Secrets of Using a Short Sale to
Avoid Financial Disaster
Please ask yourself the following two important questions:
Do you owe close to or more than what your house is worth?
If you answered yes, you are not alone. It is estimated that 25% of all homeowners with mortgages in the United States owe more on their property than what it’s worth.
Are you worried about making your mortgage payments?
If you answered yes, then again you are not alone. The Mortgage Bankers Association reports that 9.94% of all loans are currently delinquent. (1 out of every 10 mortgage holder in the United States is behind on their house payments)
The question here is, what should you do about it?
The decision of whether or not to short sale your house is an important decision. Therefore we encourage you to take the time necessary to read this special report and become familiar with the options available to you. Doing so will empower you with all of the necessary information, which will enable you to make an informed and intelligent decision for you and your family.
Also please keep in mind that it is better to choose ‘the wrong thing‘, then to choose ‘nothing‘. Something is better than nothing. The consequences of foreclosure are far too damaging for you to idly sit by and watch it happen. You do have options available to you, and we’re here to help, no matter what your decision may be.
Through many years of business, we have accumulated a list of the most frequently asked questions. Those questions are answered in this report starting on the next page. If you have any questions that were not addressed in this report, or if you’d like to speak with us about your specific situation, then you can always call our office anytime and we will be happy to schedule you a free 30 min consultation.
Now before continuing on to the FAQ section, we want to first give you a summary of our position on short sales. This will give you a good understanding as to how you will benefit from completing a short sale on your property. After reading this, please proceed to the next page where you’ll find the answers to all of your specific questions in our FAQ.
Our position on short sales:
“We believe that a short sale is most likely your best option in this situation”
The decision of whether or not to short sale your house should strictly be a financial decision, NOT an emotional decision. And when you look solely at the numbers, it becomes clear that a short sale just makes good fiscal sense. (Sometimes even in situations where you are not yet behind on your payments, and can’t afford to wait out the recovery of the housing market).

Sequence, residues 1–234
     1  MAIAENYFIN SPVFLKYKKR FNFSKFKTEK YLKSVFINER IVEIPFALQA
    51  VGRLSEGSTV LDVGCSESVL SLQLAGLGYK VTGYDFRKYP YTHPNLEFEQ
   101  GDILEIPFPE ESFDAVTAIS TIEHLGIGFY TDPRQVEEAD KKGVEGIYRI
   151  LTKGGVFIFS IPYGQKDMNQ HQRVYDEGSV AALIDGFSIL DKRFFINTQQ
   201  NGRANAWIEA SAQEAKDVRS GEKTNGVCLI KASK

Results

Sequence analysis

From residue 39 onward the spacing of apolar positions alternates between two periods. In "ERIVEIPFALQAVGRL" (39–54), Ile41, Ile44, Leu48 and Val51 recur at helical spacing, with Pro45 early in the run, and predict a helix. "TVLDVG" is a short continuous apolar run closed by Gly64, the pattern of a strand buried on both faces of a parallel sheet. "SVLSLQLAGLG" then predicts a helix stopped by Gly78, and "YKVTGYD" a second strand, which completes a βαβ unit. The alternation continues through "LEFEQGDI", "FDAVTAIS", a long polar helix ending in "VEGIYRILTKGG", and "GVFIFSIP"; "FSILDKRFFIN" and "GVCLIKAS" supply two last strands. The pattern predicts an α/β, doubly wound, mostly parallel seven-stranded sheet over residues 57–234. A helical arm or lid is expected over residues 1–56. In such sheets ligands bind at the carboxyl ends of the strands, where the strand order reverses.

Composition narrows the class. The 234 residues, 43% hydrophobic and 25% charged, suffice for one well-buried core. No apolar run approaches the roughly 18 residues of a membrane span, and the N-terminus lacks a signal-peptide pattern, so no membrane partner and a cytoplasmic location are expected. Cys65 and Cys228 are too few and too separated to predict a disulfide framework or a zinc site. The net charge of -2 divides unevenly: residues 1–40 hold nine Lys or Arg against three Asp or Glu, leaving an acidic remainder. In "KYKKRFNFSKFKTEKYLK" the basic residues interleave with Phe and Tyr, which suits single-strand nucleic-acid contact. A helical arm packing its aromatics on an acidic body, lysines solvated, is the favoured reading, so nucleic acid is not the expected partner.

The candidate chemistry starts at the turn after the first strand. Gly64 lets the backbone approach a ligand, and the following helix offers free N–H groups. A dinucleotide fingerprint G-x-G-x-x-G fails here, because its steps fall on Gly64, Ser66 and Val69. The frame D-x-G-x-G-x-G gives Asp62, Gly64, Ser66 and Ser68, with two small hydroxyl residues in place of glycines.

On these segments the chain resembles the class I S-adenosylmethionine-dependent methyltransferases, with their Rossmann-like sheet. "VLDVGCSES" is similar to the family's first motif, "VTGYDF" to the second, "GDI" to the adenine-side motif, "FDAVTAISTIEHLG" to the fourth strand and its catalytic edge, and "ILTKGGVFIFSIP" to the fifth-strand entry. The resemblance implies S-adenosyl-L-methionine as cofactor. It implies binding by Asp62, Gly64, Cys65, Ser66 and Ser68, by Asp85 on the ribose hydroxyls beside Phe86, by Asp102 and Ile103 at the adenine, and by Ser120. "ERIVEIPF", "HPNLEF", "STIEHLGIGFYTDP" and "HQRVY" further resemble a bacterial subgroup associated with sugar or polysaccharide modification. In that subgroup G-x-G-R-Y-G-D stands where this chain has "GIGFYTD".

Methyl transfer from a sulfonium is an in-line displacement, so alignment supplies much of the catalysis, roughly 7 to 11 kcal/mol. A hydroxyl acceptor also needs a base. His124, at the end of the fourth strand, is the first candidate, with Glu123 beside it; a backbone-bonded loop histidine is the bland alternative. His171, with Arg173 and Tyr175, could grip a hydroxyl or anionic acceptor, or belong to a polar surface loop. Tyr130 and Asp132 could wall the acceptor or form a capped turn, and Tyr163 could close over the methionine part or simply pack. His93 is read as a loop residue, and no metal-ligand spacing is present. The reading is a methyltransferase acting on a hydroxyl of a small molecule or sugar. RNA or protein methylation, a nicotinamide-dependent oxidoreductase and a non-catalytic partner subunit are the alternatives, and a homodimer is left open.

Consider this, let’s say that you purchased a home for $800,000 at the peak of the market, and it has depreciated 35% to a current value of $520,000.
Does it make sense to hold onto this ‘asset’? Let’s see:
Most experts agree that the market will continue to decline for another 6 months to a year, and then remain flat for 1-2 years before the values begin to rise. So let’s assume that’s the case, and also let’s assume that when prices do go up, they appreciate at an average rate of 6% per year.
So what does that mean to the homeowner that’s “waiting it out”? It means that they would have to wait 12 years for the property to regain its initial value! That’s another 12 years of you being upside down in your home.
Now let’s further examine this. Is there a smarter alternative?
What about a loan modification? The biggest problem with loan modifications is that even if the lender lowers your monthly payment, the likelihood of them forgiving any of your principal balance is very small. And as you’ll see below, holding onto an ‘asset’ that has depreciated so greatly in value can be very costly to you.
What about a short sale? A short sale offers several advantages in this scenario. First of all, the sellers can rebuild their cash savings by temporarily renting instead of paying on a mortgage. (Rent on a similar type property is usually close to 40% of what the mortgage payment is) This can quickly add up to a significant amount.
The seller can then purchase another property in 2-3 years. The timing in this case is perfect in that the market will have rebounded by this time, and the seller’s credit will have since improved. (Fannie Mae, America’s largest mortgage buyer, will allow a short sale seller to qualify for a new loan within just 2 years after a short sale)
The biggest advantage here is that the seller will now own a similar home, except their mortgage balance will be for $520,000, instead of $800,000. That’s a difference of $280,000! So when the property then appreciates in value, that increase will be your profit!
Now the disadvantage here of course is that a short sale does affect your credit. How greatly your credit score is affected will depend on several factors, including the number of your other ‘positive pay’ accounts on your credit report, and also the length of history you have on each of those accounts.
The bottom line here is, you have to ask yourself: “how much is my credit worth to me?”
And as you can see, when you look at the situation from an analytical & financial point of view, it becomes readily apparent that the most logical choice is a short sale.